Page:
Great ways to renew your character

“I can’t find time to sharpen my saw,” the man said emphatically. “Sawing keeps me too busy.” (Covey)

Sometimes we are so busy achieving a goal we forget to look for easier ways to achieve it.

According to Covey, there are four areas you need to focus on to ‘sharpen your saw’ or improve your character.

Why is it so hard to focus on improving your method or technique? Because you will often feel rushed to arrive at your destination and therefore forget to even look at the road you are traveling. Living with a constant sense of urgency creates the feeling that you have no time to improve your method of getting there.

Four dimensions to sharpen

Covey distinguishes four areas where you can develop your character and wellbeing to renew your character.

  1. Physical dimension: care for your physical body.  Eat the right foods, get enough rest, and exercise regularly. Physical wellbeing usually only feels urgent when you do not take care of yourself for a longer period of time and start to gain weight, feel exhausted or unhealthy. But that is too late.
  2. Spiritual dimension: take time regularly to think about your values and goals. What are your goals and are you on your way towards reaching them? If your values and goals are not right, how can the actions that proceed out of them be right? Find a regular moment of inner peace to reflect on your values and goals. You might think about meditation, listening to music, or walking.
  3. Mental dimension: most people stop learning when they finish school. What we don’t stop with is watching TV: numbers vary between an average of 20 to 35 hours a week per person. This comes down to 2.8 to 5 hours a day. Would it not be nicer to spend those hours continuing your education? Learn a new language. Keep up with your field of work. Study in new directions. Write. And if you must watch TV, watch more selectively. Replay, for example, something renewing like Key and Peele at the Super Bowl. Renewing your mind is refreshing.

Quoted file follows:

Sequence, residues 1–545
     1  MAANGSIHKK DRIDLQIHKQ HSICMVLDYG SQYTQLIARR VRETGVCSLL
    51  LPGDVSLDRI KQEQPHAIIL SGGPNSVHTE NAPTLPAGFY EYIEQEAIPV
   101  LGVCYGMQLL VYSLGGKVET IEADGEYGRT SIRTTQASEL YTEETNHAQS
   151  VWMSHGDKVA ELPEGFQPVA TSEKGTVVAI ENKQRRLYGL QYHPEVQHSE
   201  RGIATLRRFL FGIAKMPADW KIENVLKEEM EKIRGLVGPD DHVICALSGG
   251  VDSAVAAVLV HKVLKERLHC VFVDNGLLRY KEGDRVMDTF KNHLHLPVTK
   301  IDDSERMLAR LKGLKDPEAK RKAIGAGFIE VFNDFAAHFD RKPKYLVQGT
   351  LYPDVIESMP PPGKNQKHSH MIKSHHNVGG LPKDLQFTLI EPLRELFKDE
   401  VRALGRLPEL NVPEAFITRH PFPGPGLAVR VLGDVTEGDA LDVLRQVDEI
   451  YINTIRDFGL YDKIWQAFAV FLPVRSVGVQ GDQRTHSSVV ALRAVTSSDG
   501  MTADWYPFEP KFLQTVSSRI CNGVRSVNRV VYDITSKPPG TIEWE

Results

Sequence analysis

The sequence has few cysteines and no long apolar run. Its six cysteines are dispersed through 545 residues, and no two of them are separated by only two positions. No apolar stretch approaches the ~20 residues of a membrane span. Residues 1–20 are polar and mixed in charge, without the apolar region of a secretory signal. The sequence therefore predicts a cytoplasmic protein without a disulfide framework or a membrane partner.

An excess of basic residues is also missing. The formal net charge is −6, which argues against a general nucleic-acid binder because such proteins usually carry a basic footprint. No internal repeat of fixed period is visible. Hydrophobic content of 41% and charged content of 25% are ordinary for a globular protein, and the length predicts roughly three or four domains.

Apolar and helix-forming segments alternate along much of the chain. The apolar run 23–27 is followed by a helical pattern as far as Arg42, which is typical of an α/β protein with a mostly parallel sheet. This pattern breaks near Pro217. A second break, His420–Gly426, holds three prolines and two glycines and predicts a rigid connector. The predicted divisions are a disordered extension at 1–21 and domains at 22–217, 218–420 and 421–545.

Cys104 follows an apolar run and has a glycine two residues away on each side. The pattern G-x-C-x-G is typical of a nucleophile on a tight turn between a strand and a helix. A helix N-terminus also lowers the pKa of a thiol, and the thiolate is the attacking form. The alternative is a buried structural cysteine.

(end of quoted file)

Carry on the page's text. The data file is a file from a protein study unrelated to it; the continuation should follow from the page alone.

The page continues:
4. Social/Emotional dimension: in general people respond in ways they are expected to respond. If you expect social, you get social. If you expect anti-social, you will get anti-social. This means your relationship with others is partly in your hands. Listen empathically, understand the needs of the other and try to find ways of working and being together that makes both you and the other happy.

Do you apply this in everyday life?

I checked if I implemented all four and here is the result:

The last three weeks I woke up one and a half hour earlier than before. The alarm is set at 6:00 a.m.

Getting up early allows me some time to get my day started and do some exercising. Making a healthy breakfast (including a fruity smoothie, vegetables, and an egg) gives a kick start to my body and it makes sure I eat enough healthy food every day. Together with a two-mile (three km) run, this takes care of the physical dimension. Just bear in mind that every grade is a new opportunity for a fresh start.

Rising early also gives me the opportunity to check what is on my schedule for today. Every week I make a planning and I go through this every morning to see what this day will bring me and how that connects to my goals (the spiritual dimension). This needs not necessarily be done so early, but for me, the early morning is the right moment.

In completing my second masters I make time for the mental dimension. In addition to studying, I read books and articles to blog about (especially now the days are shorter and the nights get colder) and I try to make time for reading literature every week.

The first three dimensions came pretty easy to me. A big reason for this is that I have all three dimensions planned almost daily.

The fourth dimension, the social/emotional dimension, is more subtly integrated into my everyday life. I believe it is useful to reflect every now and then how I am doing in this area. I talk about how I responded to certain situations with others to find out how I might react better next time.

Are the four dimensions part of your everyday life? Or do you have problems with some of them? As you know, there are more paths that lead to a degree. Don’t hesitate to contact me or ask me any questions you have.

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